Dr. Goodman’s article is a fantastic foray into the dark history organized medicine, culminating with a brutally honest assessment of the cartel that resulted. He gives a great preview of the good stuff in Greg Scandlen’s new book, Myth Busters: Why Health Reform Always Goes Awry, summarizing the oft-repeated myths we hear about healthcare economics thrown around like dogma.
A big part of the problem, as Cato’s Tanner pointed out earlier this year is that “Americans want widely contradictory things from health-care reform. They want the highest-quality care for everyone, with no wait, from the doctor of their choice. And they want it as cheap as possible, preferably for free.” Promising, as Sanders and Warren do, to give everybody high-quality health care without regard for ability to pay will always find an enthusiastic audience. But delivering on that promise is likely to give us not the illusion of Medicare for All, but rather its awful, unsustainable reality.
Health “insurance” is NOT…INSURANCE. When everyone’s house is on fire at the same time we’re not talking about managing risk, we’re talking about a perpetually increasing spend.
Please listen to this insightful explanation by David Goldhill where he discusses this phenomenon and explains why Healthcare is not the economic Island that we made it out to be. Instead, much of what we believe and what we’ve done to healthcare, as far as economics and regulations, has made it an island unto itself. This is a huge part of the problem and one that has largely been self inflicted.
“…available evidence from clinical and preclinical studies indicates that LCHF diets consistently improve all other markers of cardiovascular risk—lowering elevated blood glucose, insulin, triglyceride, ApoB and saturated fat (especially palmitoleic acid) concentrations, reducing small dense LDL particle numbers, glycated haemoglobin (HbA1c) levels, blood pressure and body weight while increasing low HDL-cholesterol concentrations and reversing non-alcoholic fatty liver disease (NAFLD). This particular combination of favourable modifications to all these risk factors is a benefit unique to LCHF diets.”
“Our Gutenberg is, of course, the internet where technical and scientific writings, once the province of specialists, can now be viewed by many and where they can be discussed widely. Publishers of many journals try to maintain pay-walls in keeping with somebody’s observation that publishers’ function used to be to make new information available while now they work to make information unavailable. (Many simultaneously cash in on open access which charges the authors outrageous fees). Whether the availability of scientific facts is out-weighted by proliferation of alternative facts is open to question but, on balance, we have a view, not only of the science, but of the inner workings of the health agencies that might otherwise be visible to only a few. And that’s how we have extensive access to the Fettke case and an associated Diet convened by the Australian Senate.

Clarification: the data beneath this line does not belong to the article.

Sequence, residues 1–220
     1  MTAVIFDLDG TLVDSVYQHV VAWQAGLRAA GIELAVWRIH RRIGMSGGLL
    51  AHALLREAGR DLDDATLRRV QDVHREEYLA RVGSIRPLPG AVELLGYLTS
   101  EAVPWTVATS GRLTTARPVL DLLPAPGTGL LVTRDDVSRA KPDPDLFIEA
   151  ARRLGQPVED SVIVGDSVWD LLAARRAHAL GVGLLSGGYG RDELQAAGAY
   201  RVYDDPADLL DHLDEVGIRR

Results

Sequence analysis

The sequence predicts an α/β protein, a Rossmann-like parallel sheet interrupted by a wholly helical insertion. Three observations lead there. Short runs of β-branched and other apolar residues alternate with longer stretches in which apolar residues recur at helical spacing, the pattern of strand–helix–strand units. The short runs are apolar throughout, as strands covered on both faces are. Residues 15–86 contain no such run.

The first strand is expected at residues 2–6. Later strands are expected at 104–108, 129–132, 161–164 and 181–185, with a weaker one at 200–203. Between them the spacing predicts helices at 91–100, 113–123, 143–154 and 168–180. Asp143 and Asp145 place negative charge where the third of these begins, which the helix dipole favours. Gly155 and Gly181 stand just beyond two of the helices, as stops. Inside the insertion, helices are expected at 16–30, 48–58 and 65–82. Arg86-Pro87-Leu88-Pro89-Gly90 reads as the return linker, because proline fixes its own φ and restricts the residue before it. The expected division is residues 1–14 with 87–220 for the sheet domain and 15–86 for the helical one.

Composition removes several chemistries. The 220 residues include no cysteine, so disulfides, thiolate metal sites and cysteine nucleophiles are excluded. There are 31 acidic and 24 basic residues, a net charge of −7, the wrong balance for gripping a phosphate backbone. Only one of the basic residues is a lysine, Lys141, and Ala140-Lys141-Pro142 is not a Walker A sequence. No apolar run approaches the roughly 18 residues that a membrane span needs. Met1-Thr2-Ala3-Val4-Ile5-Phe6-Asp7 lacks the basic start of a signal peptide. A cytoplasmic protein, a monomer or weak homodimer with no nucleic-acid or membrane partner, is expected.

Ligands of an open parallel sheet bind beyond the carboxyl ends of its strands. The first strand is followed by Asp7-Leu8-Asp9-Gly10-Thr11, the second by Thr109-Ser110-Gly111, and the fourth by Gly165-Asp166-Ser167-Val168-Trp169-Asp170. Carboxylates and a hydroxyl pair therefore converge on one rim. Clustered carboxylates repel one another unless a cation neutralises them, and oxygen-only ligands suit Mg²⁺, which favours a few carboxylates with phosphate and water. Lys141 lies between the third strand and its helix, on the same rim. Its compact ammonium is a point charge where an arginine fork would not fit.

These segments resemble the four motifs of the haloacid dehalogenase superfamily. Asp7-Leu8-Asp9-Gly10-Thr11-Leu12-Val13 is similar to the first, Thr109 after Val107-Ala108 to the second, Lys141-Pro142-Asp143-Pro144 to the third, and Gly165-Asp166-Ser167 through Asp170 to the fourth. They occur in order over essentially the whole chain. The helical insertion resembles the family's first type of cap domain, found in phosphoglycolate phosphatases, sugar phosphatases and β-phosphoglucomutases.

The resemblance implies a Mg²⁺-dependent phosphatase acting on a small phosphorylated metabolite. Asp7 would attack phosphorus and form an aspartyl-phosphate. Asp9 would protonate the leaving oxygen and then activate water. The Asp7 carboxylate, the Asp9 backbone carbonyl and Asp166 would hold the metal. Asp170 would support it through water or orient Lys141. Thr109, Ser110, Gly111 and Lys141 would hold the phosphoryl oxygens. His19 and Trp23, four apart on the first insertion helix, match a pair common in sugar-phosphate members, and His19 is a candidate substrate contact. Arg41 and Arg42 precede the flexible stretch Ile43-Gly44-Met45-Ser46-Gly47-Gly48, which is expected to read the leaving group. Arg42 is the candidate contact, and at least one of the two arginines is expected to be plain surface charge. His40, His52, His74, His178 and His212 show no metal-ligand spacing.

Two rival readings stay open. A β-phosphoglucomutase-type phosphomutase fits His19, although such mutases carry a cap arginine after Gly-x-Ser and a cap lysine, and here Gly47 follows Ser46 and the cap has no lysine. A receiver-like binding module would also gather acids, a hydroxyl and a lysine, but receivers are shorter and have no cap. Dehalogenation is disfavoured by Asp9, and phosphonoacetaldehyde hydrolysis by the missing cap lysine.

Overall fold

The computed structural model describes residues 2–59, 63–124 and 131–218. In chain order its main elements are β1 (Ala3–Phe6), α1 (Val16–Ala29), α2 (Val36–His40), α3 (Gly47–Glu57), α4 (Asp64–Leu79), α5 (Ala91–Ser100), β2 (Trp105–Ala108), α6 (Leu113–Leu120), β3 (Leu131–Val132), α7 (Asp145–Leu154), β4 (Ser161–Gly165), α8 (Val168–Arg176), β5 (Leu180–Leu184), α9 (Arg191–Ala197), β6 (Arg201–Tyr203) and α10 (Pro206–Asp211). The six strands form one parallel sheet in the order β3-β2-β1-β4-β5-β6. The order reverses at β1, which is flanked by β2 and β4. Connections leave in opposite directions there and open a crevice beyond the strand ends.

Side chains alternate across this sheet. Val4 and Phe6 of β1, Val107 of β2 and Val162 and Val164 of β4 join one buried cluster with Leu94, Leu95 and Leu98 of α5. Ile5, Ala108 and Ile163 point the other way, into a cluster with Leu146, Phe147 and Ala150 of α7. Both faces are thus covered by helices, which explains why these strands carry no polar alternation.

As reported by Marika Sboros, Fettke “cannot tell patients not to eat sugar. Why not? Because the country’s medical regulatory body, Australian Health Practitioners Regulatory Authority (AHPRA), says so….It has been investigating Fettke for more than two years now. That was after the first anonymous complaint from a DAA dietitian in 2014. Earlier this year, AHPRA told Fettke to stop talking about nutrition until it had decided on a suitable sanction.” and — I’m not making this up — “informed Fettke that it was investigating him for ‘inappropriately reversing (a patient’s) type 2 diabetes…’”
Dr. Gary Fettke testified at an Australian Senate Inquiry on November 1. and just “by coincidence,” a few days later, the APHRA 2 1/2 year investigation came to an end and Fettke was told that he would be constrained from giving nutritional advice. In the end, this did not sit well with the Senate which undertook further hearing interrogating Martin Fletcher, the CEO of APHRA.”
Our 2015 paper, Low-carbohydrate diets as the first approach in the treatment of diabetes. Review and evidence-base, summarized the clinical experience and the research results of the 26 authors. M…
Minus the introduction and Q&A, the 45 -50 minute presentation is well worth your time. Engaging delivery and compelling case to consider… the cost drivers and distortions come from HOW we access and bill, as opposed to WHAT services are actually exchanged or provided. The key to understanding healthcare costs and pricing is to acknowledge that the answer is contained within our insurance card…and the processes it dictates and the tax/regulatory environment that it operates in. It is kind of like hiding something right out in the open; we look for clues everywhere except for what’s right in front of us. We tend to point fingers at easily identifiable components but fail to see what links them.
One of the best articles I’ve ever read that explains the judgment pitfalls and snares we fall prey to when debating “screening” tests and gives some perspective on evidence vs proof.
Radiologist Saurabh Jha on how the actor’s recent disclosure of his prostate cancer diagnosis has increased the public uncertainty about PSA screening, and why that’s a good thing.